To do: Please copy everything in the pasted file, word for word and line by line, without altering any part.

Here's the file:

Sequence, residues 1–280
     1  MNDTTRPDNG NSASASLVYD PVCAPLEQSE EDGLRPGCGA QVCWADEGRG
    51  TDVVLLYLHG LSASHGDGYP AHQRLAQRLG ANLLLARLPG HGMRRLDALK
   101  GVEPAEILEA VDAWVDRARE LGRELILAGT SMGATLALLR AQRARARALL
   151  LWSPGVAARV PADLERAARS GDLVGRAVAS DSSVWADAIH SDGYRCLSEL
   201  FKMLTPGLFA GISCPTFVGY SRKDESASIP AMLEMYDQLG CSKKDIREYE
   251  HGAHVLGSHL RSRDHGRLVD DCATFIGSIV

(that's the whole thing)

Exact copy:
Sequence, residues 1–280
     1  MNDTTRPDNG NSASASLVYD PVCAPLEQSE EDGLRPGCGA QVCWADEGRG
    51  TDVVLLYLHG LSASHGDGYP AHQRLAQRLG ANLLLARLPG HGMRRLDALK
   101  GVEPAEILEA VDAWVDRARE LGRELILAGT SMGATLALLR AQRARARALL
   151  LWSPGVAARV PADLERAARS GDLVGRAVAS DSSVWADAIH SDGYRCLSEL
   201  FKMLTPGLFA GISCPTFVGY SRKDESASIP AMLEMYDQLG CSKKDIREYE
   251  HGAHVLGSHL RSRDHGRLVD DCATFIGSIV